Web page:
Jonas Salk Licensed The First Polio Vaccine

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Jonas Salk licensed the first polio vaccine in 1955, to the relief of a nation. A nation that had been through two world wars, a great depression, a president stricken with Polio and thousands of deaths from the disease. Beginning with the first outbreak of polio in 1916 the public’s, and scientist’s ideas on polio were limited. From 1916 until the creation of a working vaccine in the 1950s the stigma that went along with the polio disease grew and changed a number of times. This public perception made polio the major disease in the U.S. for almost 40 years while many other diseases were killing more people. The limited knowledge surrounding polio in the beginning, that fact that polio struck while the U.S. was at the height of a near obsession with sanitation, while at the same time associating disease with being unclean, and the nature of the disease to effect only young children at the beginning created and only helped to add to the mystery and panic that surrounded the disease. The public and scientific perception that created the lasting image of polio changed dramatically from the first major U.S. epidemic in 1916 to the ten years from 1945 to 1955 and finally in the period directly following the creation of the polio vaccine in 1955.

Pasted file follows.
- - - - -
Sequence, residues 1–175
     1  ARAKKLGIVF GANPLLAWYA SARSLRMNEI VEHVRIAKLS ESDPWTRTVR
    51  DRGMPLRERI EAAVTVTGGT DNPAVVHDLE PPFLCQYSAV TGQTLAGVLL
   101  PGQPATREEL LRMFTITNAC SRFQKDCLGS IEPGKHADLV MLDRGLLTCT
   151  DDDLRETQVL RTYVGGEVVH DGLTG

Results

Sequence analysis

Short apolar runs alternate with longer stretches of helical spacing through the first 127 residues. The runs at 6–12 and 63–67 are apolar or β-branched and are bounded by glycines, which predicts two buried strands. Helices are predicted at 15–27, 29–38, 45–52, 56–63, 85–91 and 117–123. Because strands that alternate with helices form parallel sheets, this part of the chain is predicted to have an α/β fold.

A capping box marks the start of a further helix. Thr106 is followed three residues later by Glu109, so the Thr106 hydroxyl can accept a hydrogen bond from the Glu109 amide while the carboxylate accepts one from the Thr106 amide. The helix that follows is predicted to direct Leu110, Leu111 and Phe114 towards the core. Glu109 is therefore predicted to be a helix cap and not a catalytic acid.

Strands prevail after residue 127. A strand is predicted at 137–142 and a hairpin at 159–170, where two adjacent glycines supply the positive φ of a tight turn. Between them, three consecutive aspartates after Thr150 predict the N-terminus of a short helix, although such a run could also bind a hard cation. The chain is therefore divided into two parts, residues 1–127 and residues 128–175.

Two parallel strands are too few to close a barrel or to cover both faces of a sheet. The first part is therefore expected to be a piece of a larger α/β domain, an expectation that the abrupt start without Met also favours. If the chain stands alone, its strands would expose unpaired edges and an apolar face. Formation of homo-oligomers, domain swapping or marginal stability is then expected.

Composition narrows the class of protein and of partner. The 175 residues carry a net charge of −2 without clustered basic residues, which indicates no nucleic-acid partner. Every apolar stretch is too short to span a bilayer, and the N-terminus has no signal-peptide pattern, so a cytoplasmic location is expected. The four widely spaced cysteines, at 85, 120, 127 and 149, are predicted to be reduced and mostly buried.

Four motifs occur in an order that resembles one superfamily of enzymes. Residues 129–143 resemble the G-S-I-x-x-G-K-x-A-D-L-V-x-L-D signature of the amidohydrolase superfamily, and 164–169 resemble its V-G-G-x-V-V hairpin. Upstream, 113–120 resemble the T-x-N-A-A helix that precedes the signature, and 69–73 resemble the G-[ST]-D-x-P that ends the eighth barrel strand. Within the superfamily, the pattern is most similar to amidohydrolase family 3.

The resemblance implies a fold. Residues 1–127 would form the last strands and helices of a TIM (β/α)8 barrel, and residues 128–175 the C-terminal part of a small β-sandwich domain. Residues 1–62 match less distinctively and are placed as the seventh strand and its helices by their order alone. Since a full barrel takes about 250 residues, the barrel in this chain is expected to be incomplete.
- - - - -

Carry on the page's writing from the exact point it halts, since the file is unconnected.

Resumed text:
The polio virus, also known as poliomyelitis is an intestinal infection that spreads “from person to person through contact with… unwashed hands, shared objects, contaminated food and water.” Symptoms are often mild including headaches and nausea however about 1 in 100 cases can result in the virus invading “the brain stem and the central nervous system” and “destroying the nerve cells” . In other words the disease causes paralysis in 1 in 100 victims.
Polio first hit epidemic proportions ...

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...m the U.S. In 1988 the Pan American Health Organization “announced a campaign to achieve polio eradication in the Americas by 1990… polio would be eradicated from the region four years later.” the magnificent and fear inducing polio virus was finally gone.
The polio virus in the United States was largely a creation of public perception. The first outbreak in 1916 and the circumstances surrounding it caused for the disease to grow in the publics mind and create fear and panic. The subsequent years the fear over the disease would only grow due in part to the creation of grand philanthropic quests as well as the failure of science and the great American government to create a vaccine. When a vaccine was finally created the public relief was something that was never felt before.

“The conquest of polio in the mid 1950s was raised to genuinely iconic status in the West”
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